World Cities Day is celebrated each year on the 31st of October. But what is it about? A newcomer to Berlin, Clotilde Vivier gives us a global perspective on future cities and suggests a few grassroots initiatives to get involved with and become more engaged in Berlin’s multicultural urban life.
World Cities Day is an international day set by the United Nations in order to shine light on contemporary challenges emerging from the trend of global urbanization. It is meant to promote a sustainable way of building and living in the modern city. It’s linked to one of the Sustainable Goals as set by the UN (THE 17 GOALS | Sustainable Development) – namely the 11th, which aims to “Make cities inclusive, safe, resilient and sustainable“.
In order to reach these goals, a web of interconnected issues that are to be addressed on different levels; poverty, environmental risks, inequality, gentrification, isolation, air pollution, housing, social segregation, among others. World Cities Day prompts events across the globe where actors from public and private sectors, NGOs, academic institutions come together to exchange ideas on how to meet these challenges and think up solutions on multiple scales.
The general theme of World Cities Day is “Better City, Better Life”. How can initiatives like Give Something Back to Berlin contribute to building a better city for all?
Give Something Back to Berlin’s goal is to foster community in the heart of a bustling metropole. By offering free activities, open to all – no matter people’s origin, age, language, or anything else – it allows established and new Berliners to share their resources with each other, help each other in multiple ways, and challenge the individualistic urban model. Everyone needs help, people, and warmth, and everyone has something to offer. One may find a job by meeting someone at a workshop who has the right contact. One may find a home in the daunting new city.
In that way, Give Something Back to Berlin helps make the city of Berlin more inclusive, breaking the barriers that separate people sharing this space, and redefining what it means to be well integrated in the Berlin landscape. Being integrated does not necessarily mean speaking perfect German, having the most secure German job, and staying in an apartment with a registered address at German authorities. It can simply be finding belonging among other foreigners whom you could never have imagined crossing paths with before.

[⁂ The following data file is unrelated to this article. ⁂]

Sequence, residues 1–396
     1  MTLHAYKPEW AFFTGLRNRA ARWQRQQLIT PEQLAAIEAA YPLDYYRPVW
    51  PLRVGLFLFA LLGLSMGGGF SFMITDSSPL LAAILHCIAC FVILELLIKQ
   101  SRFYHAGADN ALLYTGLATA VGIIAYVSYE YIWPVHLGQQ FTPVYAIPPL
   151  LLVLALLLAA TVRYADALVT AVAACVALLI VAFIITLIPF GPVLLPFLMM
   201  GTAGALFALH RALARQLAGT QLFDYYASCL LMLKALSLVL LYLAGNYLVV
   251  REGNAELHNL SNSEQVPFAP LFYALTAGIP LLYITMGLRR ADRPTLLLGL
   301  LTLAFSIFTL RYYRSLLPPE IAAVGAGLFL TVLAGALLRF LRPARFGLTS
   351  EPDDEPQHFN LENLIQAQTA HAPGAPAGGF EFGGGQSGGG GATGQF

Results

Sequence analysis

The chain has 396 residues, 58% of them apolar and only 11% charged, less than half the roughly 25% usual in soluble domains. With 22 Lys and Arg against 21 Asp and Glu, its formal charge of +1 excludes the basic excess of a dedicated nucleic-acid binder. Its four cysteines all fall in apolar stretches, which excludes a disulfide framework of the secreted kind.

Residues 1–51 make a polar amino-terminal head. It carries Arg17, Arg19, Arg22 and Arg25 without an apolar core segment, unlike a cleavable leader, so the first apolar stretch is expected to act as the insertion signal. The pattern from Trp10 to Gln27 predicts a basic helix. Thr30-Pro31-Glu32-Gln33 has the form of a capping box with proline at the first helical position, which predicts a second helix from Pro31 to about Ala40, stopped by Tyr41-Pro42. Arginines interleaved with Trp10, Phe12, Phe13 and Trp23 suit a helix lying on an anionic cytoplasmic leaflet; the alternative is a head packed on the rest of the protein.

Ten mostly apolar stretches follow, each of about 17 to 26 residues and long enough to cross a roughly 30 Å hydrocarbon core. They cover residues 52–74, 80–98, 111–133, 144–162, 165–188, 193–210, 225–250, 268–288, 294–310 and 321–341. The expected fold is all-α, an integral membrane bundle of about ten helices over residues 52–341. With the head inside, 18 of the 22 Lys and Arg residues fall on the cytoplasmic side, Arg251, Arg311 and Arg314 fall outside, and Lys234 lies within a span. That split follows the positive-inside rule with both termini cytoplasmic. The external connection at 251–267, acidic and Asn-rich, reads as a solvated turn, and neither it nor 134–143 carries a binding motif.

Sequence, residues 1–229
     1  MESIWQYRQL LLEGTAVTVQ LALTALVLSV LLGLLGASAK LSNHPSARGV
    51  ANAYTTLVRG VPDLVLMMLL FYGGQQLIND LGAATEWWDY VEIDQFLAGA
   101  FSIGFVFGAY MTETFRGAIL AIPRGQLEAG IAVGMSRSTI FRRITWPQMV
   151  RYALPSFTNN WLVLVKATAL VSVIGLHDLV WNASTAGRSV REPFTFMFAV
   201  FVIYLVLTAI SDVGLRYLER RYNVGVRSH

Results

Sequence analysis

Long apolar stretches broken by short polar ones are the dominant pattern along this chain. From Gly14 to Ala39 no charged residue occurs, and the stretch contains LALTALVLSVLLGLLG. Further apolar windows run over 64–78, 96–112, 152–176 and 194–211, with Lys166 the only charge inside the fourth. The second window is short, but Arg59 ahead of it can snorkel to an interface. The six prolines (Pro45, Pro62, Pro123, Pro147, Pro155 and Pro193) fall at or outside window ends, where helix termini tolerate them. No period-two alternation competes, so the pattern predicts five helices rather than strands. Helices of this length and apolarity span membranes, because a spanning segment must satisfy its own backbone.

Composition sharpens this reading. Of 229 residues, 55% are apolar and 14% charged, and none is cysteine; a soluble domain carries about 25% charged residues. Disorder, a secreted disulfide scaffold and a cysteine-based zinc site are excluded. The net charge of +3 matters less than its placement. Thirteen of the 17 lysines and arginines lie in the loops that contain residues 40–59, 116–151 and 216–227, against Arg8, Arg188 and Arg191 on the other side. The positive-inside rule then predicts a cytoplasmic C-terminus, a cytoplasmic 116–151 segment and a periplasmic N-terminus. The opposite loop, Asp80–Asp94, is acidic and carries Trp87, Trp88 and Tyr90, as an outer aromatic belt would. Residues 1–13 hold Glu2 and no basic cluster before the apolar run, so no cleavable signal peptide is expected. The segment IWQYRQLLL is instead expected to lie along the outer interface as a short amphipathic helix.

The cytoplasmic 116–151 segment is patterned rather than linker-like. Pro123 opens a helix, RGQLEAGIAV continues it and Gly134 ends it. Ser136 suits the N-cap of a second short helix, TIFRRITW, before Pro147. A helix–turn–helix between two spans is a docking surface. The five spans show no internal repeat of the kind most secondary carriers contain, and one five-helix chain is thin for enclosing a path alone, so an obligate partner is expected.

Future cities don’t have to resemble the stressful, hyper-commercial urban centers we have created not only in the so-called West, but also across the globe. Today, we can already imagine a new city, one that is centered on communities, where individuals cooperate, connect, interact, and make decisions together. A space where people are mindful of each other’s differences and consider them as assets, rather than obstacles; where all can learn and thrive despite difficulties some might be experiencing; where basic services are being provided safely and for free. In short, a city that is defined by its inhabitants for its inhabitants.
Governments and public authorities often shape the cities we live in, but actually, anyone can participate in this process, thinking towards and creating practical ways to reclaim the city. Be it by building community gardens, advocating for affordable housing for all, nurturing spaces for repairs, resource and skill sharing, participating in worker-owned co-ops focused on local production and circular economy, etc.
Find out about such initiatives happening in Berlin! ⇒
Let us not let the current trends be an inevitability. There is power in the “local”. All initiatives, no matter how small they are, can contribute to a global effort to make cities (and lives) better.
“Fundamentally, the way we shape cities is a manifestation of the kind of humanity we bring to bear.” – Peter Calthorpe, urban planner and designer.